In my previous post on this topic, I presented data showing that redo logs placed on an ASM diskgroup created from exadata griddisks created from flash performed far worse than redo logs placed on ASM created from spinning SAS disks.
Of course, theory predicts that flash will not outperform spinning magnetic disk for the sequential write IOs experienced by redo logs, but on Exadata, flash disk performed much worse than seemed reasonable and worse than experience on regular Oracle with FusionIO SSD would predict (see this post).
Greg Rahn and Kevin Closson were both kind enough to help explain this phenomenon. In particular, they pointed out that the flash cards might be performing poorly because of the default 512 byte redo block size and that I should try a 4K blocksize. Unfortunately, at least on my patch level (18.104.22.168.2), there appears to be a problem with setting a 4K blocksize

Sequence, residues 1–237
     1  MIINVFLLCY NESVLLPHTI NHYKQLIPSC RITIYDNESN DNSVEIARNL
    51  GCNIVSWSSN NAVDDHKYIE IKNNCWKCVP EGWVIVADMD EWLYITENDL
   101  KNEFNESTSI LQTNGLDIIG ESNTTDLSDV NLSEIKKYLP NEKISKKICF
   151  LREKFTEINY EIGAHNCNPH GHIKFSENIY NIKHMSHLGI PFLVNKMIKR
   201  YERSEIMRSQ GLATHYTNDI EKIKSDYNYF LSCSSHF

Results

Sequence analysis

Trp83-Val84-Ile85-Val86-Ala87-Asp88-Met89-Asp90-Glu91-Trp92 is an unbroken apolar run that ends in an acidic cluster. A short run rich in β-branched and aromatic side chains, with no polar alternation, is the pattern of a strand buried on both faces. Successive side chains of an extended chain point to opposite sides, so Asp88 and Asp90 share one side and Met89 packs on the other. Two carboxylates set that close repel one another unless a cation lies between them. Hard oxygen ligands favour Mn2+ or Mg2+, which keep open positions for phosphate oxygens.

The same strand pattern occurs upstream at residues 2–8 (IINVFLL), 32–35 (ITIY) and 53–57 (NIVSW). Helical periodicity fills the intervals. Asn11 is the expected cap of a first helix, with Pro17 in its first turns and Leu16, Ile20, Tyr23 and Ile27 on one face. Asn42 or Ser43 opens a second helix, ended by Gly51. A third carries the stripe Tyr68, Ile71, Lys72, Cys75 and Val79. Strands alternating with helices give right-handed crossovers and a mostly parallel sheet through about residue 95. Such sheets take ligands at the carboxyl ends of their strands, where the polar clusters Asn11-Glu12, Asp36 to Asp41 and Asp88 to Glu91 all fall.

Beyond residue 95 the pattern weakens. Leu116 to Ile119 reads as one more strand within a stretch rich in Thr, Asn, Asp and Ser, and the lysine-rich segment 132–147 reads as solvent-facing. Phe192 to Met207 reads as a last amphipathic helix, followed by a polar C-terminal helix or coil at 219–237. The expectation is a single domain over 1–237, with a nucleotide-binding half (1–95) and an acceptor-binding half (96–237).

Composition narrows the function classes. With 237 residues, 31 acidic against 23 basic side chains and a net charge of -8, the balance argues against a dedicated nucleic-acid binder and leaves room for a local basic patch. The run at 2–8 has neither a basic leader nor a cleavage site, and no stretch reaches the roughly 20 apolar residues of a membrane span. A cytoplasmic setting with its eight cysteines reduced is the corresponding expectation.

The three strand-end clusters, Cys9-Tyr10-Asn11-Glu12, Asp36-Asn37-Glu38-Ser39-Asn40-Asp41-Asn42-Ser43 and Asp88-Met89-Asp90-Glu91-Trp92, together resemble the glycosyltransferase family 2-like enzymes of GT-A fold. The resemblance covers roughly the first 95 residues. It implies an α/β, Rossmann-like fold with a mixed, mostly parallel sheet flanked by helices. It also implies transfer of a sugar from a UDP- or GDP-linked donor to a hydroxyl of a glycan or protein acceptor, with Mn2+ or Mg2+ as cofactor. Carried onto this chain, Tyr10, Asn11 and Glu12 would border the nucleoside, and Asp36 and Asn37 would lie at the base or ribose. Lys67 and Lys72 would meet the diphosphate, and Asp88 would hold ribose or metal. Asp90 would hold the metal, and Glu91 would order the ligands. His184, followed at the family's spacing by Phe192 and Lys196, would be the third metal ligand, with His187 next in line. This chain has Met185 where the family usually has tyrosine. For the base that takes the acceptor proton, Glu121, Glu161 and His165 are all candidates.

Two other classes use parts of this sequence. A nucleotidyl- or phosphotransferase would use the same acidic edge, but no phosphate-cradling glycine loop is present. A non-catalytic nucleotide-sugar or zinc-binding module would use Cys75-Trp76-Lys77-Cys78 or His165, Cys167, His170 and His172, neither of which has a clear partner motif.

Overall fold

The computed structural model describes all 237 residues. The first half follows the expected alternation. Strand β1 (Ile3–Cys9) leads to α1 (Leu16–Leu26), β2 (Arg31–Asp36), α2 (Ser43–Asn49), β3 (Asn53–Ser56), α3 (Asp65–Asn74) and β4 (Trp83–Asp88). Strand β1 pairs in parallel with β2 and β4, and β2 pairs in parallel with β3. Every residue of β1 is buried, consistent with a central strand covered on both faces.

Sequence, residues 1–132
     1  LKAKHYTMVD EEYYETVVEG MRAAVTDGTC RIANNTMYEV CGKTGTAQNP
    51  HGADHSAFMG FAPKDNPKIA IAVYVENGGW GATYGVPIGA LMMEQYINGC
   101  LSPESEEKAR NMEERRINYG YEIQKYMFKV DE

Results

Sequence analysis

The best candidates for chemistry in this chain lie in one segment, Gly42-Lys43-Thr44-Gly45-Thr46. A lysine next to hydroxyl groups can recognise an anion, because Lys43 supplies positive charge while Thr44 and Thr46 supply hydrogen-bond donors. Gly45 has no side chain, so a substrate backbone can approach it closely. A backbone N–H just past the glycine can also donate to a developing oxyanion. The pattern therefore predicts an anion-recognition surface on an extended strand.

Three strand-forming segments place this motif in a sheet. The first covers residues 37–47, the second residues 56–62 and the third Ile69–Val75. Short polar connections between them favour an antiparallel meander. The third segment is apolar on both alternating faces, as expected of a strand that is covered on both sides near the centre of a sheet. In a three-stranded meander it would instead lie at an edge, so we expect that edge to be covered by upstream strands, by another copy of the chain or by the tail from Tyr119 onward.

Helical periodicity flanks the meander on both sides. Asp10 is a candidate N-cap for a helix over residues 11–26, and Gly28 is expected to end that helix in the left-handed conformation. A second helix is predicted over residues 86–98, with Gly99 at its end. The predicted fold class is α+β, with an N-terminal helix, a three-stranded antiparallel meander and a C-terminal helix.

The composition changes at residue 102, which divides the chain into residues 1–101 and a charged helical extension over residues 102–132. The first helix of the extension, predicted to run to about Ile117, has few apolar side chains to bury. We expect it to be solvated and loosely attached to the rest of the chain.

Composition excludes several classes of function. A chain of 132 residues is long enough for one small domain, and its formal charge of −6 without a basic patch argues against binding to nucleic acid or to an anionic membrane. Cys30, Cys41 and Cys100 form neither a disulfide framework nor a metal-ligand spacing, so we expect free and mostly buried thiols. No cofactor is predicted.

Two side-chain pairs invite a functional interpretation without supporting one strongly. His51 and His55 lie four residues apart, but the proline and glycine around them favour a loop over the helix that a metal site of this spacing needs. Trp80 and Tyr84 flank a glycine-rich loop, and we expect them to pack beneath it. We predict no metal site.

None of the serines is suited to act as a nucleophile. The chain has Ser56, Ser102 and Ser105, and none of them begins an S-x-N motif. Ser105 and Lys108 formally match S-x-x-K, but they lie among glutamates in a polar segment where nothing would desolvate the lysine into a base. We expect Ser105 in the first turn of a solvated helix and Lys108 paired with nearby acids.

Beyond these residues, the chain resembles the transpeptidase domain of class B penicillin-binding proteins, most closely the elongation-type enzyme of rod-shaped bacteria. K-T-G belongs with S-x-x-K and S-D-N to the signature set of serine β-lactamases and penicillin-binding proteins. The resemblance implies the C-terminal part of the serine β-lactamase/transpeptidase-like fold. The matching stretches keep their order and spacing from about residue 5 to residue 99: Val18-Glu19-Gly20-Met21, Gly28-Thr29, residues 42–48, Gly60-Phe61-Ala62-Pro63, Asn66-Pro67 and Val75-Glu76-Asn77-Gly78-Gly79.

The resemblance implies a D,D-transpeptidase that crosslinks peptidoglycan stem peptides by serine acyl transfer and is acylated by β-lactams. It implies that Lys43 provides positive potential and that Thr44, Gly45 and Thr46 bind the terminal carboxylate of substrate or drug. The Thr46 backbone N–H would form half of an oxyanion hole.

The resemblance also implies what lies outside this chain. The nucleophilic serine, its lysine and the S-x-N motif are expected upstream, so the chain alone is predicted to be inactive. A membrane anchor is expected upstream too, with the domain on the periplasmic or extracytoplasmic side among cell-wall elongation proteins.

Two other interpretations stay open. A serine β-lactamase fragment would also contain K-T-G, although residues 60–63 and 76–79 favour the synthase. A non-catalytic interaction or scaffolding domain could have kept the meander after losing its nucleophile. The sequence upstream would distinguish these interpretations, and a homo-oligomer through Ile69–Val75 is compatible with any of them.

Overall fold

ALTER DATABASE add logfile thread 1 group 9 ('+DATA_SSD') size 4096M blocksize 4096
ERROR at line 1:
ORA-01378: The logical block size (4096) of file +DATA_SSD is not compatible with the disk sector size (media sector size is 512 and host sector size is 512)
According to Greg, the F20 SSD cards are incorrectly reporting their physical characteristics and this is fixed in the current patch level. Luckily, you can override the check by setting
ALTER SYSTEM SET "_disk_sector_size_override"=TRUE SCOPE=BOTH;
Greg and Kevin really know their stuff: setting a 4k redo log block size resulted in dramatic improvements to redo log throughput – elapsed time reduced by 70%:
As expected, redo log performance for SSD still slightly lags that of SAS spinning disks. It’s clear that you can’t expect a performance improvement by placing redo on SSD, but at least the 4K blocksize fix makes the response time comparable. Of course, with the price of SSD being what it is, and the far higher benefits provided for other workloads – especially random reads – it’s hard to see an economic rationale for SSD-based redo. But at least with a 4K blocksize it’s tolerable.
When our Exadata system is updated to the latest storage cell software, I’ll try comparing workloads with the Exadata smart flash logging feature.